Tuesday, August 15, 2023

GISS July global temperature up by 0.10°C from June.

The GISS V4 land/ocean temperature anomaly was 1.18°C in July 2023, up from 1.08°C in June. This rise is nearly the same as the 0.093°C rise reported for TempLS.

As with TempLS, July was by a large margin the warmest July in the record - next was 0.94°C in 2019. Here, in the style of my mentioned in my last post, is the graphical representation of monthly temperatures, stacked in order. The top black rectangles are the recent June and July

As usual here, I will compare the GISS and earlier TempLS plots below the jump.

Tuesday, August 8, 2023

Graphs showing the leadup to a record hot year

I posted two days ago the TempLS results for July, showing that is was 0.225°C hotter than any prvious July (2019), following on from a record hot June. These measures tipped the results to date above the previous hottest years of 2016 and 2020. But whereas those years peaked in February/March, it seems that 2023 is just getting started. So I have made some graphs to show where things stand.

The first is one of a kind that I tracked the progress of 2015 and 2016. It shows the year to date averages of recent hot years over the twelve months. It isn't ideal for 2023, because the early warmth of 2016, say, is exaggerated. I have marked with a fine grey line the previous record, which 2023 to date has just passed. But more significant are the black dots of the actual 2023 monthly temperatures. It means that if anything like the July level can be maintained, 2023 will be, so to speak, a boilover.

Next is a graphical version of the table of ordered months that I wrote about last month and added to the data page. It shows a rectangle for each of the warmer months, the top of which is the temperature for thet month,and the bottom is that of the next lower month. The annual average is to the right (year to date for 2023). The key for year colors is at the top.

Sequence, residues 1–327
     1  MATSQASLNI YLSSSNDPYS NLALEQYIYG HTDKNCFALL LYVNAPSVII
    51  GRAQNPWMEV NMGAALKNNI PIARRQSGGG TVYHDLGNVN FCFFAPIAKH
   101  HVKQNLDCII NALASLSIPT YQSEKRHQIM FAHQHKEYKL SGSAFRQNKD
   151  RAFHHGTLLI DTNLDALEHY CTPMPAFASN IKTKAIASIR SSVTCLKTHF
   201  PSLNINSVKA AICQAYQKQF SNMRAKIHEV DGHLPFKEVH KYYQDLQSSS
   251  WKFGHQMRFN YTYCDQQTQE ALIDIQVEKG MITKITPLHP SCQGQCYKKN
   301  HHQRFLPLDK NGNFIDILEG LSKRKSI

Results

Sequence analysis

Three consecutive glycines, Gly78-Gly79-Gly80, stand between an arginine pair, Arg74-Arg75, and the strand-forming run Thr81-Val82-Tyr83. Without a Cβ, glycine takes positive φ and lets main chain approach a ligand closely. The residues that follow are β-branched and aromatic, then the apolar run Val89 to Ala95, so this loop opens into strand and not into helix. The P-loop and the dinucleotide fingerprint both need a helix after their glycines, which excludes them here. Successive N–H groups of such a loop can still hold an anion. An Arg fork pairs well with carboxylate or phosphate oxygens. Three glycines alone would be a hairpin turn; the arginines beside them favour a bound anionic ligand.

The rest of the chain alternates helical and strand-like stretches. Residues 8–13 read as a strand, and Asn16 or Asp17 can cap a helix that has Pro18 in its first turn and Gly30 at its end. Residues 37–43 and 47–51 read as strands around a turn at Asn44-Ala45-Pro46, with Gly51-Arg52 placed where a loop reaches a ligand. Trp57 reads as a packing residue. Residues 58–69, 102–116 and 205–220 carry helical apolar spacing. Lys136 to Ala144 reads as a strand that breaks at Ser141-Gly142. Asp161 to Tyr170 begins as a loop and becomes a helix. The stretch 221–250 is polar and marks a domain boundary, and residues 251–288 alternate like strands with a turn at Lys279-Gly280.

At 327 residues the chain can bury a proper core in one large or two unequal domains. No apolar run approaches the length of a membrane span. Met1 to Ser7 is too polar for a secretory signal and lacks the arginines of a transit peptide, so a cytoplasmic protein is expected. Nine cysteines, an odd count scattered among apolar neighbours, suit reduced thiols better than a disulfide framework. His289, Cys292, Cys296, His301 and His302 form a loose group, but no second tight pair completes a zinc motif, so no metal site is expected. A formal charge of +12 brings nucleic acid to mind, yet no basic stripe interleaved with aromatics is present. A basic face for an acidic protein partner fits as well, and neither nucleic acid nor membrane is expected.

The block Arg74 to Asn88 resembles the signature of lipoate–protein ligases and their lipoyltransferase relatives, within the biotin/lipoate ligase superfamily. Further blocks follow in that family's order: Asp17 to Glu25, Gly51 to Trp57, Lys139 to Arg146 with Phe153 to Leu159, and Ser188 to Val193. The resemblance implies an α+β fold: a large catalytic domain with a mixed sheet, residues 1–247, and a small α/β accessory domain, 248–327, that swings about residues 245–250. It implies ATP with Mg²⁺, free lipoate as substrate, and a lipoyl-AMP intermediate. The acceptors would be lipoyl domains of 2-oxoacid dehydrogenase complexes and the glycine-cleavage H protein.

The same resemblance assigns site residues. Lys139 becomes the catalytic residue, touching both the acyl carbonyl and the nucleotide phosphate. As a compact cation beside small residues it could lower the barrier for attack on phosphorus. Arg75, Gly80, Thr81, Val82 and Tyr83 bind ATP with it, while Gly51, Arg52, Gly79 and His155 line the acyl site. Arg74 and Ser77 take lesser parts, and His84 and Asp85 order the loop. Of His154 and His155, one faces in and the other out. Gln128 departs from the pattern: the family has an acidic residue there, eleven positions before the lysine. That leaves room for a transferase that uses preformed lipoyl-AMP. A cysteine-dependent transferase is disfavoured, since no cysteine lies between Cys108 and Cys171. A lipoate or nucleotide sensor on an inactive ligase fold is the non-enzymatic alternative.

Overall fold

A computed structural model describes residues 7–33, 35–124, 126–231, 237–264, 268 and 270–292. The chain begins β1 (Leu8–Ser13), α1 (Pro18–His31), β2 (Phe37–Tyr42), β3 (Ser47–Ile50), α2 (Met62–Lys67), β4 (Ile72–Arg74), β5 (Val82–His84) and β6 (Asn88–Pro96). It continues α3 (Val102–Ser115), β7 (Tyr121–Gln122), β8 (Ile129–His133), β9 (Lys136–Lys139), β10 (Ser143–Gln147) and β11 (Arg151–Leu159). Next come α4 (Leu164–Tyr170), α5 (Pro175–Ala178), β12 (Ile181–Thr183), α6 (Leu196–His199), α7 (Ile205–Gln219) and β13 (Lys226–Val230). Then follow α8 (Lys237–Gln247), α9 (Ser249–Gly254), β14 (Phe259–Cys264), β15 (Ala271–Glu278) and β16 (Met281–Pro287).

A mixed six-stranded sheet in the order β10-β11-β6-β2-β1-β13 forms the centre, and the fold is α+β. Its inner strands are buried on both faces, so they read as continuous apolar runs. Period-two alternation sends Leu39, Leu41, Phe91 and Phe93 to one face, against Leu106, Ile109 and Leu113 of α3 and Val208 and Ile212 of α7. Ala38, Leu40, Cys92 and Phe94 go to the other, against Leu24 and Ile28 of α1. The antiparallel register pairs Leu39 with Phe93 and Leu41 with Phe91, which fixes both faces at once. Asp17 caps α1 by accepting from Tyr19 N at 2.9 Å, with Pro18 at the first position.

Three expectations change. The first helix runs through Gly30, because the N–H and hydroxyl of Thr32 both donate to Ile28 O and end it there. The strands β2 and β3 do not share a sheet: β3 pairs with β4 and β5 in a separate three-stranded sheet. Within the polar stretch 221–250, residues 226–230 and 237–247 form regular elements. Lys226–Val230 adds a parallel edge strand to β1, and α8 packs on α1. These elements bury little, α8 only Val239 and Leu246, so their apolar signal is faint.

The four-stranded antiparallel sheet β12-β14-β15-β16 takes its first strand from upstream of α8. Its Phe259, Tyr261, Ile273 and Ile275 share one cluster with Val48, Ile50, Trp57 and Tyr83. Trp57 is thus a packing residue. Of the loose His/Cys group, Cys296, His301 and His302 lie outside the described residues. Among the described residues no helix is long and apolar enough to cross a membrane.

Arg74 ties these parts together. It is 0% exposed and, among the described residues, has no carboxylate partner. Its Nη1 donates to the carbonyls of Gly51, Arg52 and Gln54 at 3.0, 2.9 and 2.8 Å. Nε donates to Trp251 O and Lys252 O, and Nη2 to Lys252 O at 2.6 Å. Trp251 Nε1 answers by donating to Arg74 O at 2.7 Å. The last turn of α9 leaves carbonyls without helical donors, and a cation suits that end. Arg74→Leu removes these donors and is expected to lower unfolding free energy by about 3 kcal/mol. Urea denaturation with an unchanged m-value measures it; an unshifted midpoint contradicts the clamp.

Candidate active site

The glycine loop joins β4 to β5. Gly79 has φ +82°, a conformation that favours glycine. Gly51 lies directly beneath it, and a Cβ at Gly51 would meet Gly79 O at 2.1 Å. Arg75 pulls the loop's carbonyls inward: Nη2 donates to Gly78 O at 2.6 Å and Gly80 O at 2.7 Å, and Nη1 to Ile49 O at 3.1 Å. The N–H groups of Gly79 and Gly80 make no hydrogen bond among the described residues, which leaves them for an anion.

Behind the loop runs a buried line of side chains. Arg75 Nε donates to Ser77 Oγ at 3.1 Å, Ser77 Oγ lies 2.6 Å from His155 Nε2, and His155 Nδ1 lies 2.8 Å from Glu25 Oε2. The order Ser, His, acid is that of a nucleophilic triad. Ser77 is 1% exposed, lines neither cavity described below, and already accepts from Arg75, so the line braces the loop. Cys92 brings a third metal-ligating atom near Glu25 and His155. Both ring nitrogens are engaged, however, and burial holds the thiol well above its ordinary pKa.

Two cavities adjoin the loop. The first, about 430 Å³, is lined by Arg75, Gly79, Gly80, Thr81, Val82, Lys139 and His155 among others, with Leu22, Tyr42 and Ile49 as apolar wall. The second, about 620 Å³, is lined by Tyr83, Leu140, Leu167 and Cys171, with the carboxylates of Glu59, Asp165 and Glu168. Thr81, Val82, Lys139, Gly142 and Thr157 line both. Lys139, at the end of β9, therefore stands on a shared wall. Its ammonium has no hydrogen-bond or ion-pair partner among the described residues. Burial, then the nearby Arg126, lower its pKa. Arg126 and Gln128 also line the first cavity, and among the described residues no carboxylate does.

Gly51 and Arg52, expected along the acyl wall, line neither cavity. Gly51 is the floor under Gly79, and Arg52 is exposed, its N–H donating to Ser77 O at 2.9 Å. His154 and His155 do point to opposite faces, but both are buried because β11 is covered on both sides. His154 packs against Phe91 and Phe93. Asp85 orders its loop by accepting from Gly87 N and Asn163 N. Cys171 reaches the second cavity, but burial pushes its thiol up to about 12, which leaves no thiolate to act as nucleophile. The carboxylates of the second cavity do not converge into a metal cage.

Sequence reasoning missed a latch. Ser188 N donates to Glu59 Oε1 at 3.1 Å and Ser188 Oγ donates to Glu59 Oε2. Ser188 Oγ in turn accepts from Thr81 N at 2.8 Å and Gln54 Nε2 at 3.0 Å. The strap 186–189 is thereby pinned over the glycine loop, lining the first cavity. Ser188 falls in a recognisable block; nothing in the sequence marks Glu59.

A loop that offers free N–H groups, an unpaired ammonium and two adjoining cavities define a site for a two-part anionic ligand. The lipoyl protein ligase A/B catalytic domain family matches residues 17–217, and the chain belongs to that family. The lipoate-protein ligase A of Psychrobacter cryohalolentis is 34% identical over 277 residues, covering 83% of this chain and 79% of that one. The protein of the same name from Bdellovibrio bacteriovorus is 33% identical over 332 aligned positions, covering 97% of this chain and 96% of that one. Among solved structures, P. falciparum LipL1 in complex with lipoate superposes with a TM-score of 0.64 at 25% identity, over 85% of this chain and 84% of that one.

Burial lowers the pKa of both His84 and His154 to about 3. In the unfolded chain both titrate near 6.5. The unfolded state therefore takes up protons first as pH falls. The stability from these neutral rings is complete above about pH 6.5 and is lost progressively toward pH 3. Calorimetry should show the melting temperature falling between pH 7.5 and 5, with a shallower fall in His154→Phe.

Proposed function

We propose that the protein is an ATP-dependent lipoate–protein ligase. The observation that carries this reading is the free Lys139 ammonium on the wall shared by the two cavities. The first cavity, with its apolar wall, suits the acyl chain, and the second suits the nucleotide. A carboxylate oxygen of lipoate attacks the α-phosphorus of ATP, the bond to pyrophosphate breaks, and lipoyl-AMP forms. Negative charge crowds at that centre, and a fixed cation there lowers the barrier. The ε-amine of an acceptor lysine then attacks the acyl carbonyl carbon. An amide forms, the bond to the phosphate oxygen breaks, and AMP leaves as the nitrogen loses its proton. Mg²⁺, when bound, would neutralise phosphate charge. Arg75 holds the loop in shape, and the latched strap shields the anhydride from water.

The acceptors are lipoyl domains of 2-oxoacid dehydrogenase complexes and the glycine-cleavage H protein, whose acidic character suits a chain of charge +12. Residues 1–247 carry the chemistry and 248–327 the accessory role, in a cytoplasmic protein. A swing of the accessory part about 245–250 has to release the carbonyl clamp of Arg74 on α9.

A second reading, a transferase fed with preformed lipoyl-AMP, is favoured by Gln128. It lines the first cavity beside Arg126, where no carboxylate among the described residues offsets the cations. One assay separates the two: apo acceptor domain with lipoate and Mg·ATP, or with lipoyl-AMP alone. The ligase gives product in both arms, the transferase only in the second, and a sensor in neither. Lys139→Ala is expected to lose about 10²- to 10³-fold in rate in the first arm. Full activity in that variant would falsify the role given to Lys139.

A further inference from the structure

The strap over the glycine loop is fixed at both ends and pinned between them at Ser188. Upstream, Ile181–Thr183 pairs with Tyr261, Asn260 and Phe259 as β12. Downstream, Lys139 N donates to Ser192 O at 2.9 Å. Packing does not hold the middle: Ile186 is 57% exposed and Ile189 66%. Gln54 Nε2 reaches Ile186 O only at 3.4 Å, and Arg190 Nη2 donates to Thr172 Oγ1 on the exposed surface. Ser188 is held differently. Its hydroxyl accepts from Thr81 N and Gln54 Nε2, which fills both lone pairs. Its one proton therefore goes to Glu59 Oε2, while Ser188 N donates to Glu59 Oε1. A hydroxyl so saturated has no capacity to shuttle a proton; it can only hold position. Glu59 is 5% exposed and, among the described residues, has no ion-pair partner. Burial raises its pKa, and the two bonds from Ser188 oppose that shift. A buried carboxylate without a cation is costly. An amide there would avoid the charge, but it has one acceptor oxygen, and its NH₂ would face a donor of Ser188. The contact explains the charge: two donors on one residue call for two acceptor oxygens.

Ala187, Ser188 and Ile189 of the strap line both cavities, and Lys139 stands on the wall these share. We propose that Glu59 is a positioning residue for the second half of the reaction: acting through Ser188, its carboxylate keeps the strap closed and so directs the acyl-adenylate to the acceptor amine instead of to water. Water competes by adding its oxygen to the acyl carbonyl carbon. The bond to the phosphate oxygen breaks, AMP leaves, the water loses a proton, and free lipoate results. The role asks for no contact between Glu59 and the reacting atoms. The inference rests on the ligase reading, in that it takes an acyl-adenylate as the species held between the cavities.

It emphasises by how much June and July 2023 exceeded previous months. This could be seen as overstated, since other record-setting years have been overwritten by more recent hot months. So here now is a plot of the months as they would have shown when they set the record, ie the years descending are monotonic. That shows how the years of 2015 and 2016 were more remarkable at the time. But again, I think 2023 is just getting started.

Finally I'll show an updated plot of the time history of hot year records. It is just a regular annual plot, but with colors to show the years for which each record lasted, showing also the rapid recent rise.

Monday, August 7, 2023

July global surface TempLS up 0.093°C from June.

The TempLS FEM anomaly (1961-90 base) was 1.041°C in July, up from 0.948°C in June. It was the warmest July in the record, well ahead of 0.815°C in 2019. The NCEP/NCAR reanalysis base index rose by 0.192°C.

June was already very warm, and the recent warmth makes it very likely that 2023 will be the warmest year in the record. The average to date is 0.87°C, already ahead of 0.857°C in 2016. But unlike 2016, 2023 is getting warmer, while 2016 peaked in Feb-Mar. I'll show again the table of months in descending order of warmth:

Most of the world was warm, with the only cool spots being the northern prairies of N America, and areas of Antarctica.

Here is the temperature map, using now the FEM-based map of anomalies.

As always, the 3D globe map gives better detail. There are more graphs and a station map in the ongoing report which is updated daily.